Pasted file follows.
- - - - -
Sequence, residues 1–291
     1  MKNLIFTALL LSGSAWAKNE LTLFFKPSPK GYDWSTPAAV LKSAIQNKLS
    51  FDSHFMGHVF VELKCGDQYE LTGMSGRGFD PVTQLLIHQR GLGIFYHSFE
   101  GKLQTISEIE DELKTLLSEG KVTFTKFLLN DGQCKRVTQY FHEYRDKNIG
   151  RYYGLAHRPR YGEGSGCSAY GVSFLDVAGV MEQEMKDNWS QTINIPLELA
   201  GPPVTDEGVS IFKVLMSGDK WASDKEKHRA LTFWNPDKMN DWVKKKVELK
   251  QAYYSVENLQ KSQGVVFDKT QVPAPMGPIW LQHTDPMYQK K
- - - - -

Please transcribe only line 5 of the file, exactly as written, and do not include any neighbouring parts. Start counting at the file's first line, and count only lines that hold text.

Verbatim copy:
   151  RYYGLAHRPR YGEGSGCSAY GVSFLDVAGV MEQEMKDNWS QTINIPLELA